Arthur Brooks has an important op-ed in the Wall Street Journal, arguing that we’re already a European-style social-welfare state. Most interesting to me, that largely includes corporate welfare. Brooks writes:
The second force leading us down the social-democratic road is cronyism. America possesses a full-time bipartisan political apparatus dedicated to government growth and special deals for favored individuals and sectors. For example, the farm bill that just passed the Senate contains around $100 billion in subsidies, mostly for large, corporate farms that do nothing to improve nutrition or food security. Or witness the recently reauthorized Export-Import Bank, which doles out about $20 billion annually in corporate welfare.
I think Brooks is basically correct, but I think Europe is far further along than we are. I think competition and love of upstarts is part of the American psyche, while cooperation and respect for the elites is a European trait.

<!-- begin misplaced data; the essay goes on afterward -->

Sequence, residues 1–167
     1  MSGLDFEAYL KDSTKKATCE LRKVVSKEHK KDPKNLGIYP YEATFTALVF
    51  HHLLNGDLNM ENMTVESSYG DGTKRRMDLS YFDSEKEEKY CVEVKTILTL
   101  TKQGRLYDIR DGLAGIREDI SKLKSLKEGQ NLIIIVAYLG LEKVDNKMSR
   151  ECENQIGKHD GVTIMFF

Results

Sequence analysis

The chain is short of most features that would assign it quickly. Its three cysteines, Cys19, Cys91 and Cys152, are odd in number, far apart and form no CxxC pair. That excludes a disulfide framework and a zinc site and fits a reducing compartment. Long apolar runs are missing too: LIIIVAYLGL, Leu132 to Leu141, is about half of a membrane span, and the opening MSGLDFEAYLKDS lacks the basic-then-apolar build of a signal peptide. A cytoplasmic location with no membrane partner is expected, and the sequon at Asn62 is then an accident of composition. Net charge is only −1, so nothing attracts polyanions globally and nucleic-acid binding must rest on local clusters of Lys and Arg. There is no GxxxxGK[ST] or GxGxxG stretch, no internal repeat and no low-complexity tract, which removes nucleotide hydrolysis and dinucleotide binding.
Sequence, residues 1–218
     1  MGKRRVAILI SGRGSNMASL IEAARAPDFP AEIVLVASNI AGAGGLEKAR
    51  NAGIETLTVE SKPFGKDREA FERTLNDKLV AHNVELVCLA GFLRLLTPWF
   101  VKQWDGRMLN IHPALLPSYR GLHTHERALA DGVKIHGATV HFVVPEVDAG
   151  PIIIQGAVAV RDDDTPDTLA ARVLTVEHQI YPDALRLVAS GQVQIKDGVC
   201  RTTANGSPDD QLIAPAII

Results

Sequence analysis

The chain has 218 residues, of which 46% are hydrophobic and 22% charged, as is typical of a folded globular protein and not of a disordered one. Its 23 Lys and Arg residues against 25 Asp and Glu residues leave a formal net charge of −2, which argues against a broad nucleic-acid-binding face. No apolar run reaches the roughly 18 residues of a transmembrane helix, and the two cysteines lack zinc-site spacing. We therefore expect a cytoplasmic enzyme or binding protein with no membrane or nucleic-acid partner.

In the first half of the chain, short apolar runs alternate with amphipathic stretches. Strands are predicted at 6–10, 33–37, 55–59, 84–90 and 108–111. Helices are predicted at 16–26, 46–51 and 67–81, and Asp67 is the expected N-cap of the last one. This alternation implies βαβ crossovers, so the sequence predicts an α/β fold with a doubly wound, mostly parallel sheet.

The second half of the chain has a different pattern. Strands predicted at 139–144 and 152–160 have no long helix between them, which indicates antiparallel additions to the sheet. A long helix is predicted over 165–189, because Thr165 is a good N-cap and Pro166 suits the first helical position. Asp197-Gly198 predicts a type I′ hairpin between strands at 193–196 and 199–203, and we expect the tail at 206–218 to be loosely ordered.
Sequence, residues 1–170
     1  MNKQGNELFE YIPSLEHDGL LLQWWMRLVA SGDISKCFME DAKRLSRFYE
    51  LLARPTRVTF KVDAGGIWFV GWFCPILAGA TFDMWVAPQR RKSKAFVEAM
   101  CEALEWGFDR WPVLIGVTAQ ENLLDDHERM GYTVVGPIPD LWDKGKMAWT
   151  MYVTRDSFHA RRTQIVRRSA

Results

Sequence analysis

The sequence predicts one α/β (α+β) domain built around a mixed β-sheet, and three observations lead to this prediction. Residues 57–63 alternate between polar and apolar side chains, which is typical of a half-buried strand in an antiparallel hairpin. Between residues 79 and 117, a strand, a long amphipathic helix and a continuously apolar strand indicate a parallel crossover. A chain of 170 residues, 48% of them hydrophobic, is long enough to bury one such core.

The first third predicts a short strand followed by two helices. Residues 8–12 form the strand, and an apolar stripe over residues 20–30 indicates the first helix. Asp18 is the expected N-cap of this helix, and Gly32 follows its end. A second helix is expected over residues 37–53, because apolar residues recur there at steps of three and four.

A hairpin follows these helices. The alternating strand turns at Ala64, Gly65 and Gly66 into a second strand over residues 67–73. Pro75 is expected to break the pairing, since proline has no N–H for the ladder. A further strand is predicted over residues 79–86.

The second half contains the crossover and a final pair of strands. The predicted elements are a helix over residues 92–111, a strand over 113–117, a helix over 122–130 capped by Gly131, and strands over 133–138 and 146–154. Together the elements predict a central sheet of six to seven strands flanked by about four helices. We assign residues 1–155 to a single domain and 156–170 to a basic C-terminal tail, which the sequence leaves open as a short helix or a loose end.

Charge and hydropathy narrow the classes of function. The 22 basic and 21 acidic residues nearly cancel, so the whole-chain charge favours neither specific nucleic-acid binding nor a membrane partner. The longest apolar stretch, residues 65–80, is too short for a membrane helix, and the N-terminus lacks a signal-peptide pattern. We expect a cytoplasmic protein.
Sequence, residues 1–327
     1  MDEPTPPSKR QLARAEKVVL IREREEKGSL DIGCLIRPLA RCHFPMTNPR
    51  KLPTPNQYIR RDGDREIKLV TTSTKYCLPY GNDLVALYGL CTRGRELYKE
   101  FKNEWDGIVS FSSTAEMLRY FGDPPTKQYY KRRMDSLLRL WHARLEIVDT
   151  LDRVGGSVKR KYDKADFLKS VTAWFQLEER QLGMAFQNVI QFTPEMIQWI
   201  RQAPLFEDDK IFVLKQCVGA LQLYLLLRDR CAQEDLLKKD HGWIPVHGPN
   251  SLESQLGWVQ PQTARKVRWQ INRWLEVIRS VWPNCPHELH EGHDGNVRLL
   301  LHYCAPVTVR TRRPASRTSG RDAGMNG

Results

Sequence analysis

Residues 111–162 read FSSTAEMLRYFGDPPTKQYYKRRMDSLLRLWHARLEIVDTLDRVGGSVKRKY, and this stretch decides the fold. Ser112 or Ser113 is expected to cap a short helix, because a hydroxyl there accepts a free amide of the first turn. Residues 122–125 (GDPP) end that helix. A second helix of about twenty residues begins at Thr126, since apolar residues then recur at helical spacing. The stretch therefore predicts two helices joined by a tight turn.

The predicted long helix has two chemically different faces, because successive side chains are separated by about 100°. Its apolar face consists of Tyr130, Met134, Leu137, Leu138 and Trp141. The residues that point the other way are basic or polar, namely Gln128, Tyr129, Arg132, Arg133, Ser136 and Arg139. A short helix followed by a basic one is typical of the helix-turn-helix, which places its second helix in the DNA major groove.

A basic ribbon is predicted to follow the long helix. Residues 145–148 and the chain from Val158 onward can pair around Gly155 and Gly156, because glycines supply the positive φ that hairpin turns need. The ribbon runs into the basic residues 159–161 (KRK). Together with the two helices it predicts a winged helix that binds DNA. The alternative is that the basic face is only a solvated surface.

I’ve hammered away at Ex-Im and its biggest beneficiary Boeing more than anyone, but the Boeing guys have this going for them: European jetmaker Airbus isn’t merely a subsidy suckler — it’s nearly a government agency. A French prime minister once said, “We will give Airbus the means to win the battle against Boeing.”
I wrote a paper in 2005 titled “Boeing v. Airbus: Clash of the Corporate Welfare Titans,” in which I pointed out:
To begin with, Airbus was born from the womb of European governments. The consortium of European aerospace firms came together “at the direction of the French, German, British, and Spanish governments,” according to the U.S. International Trade Administration (ITA).13 Indeed, a Memorandum of Understanding signed in 1967 between the British, French, and German governments spurred production of Airbus’ A300. An ITA report notes that, “[t]hose governments paid for between 75 percent and 100 percent of the total costs of development of Airbus’s original product line.”
Airbus is significantly a government-owned company. Since 2001, the European Aeronautic Defence and Space company (EADS) has owned 80 percent of the company and British Aerospace (BAE) the other 20 percent.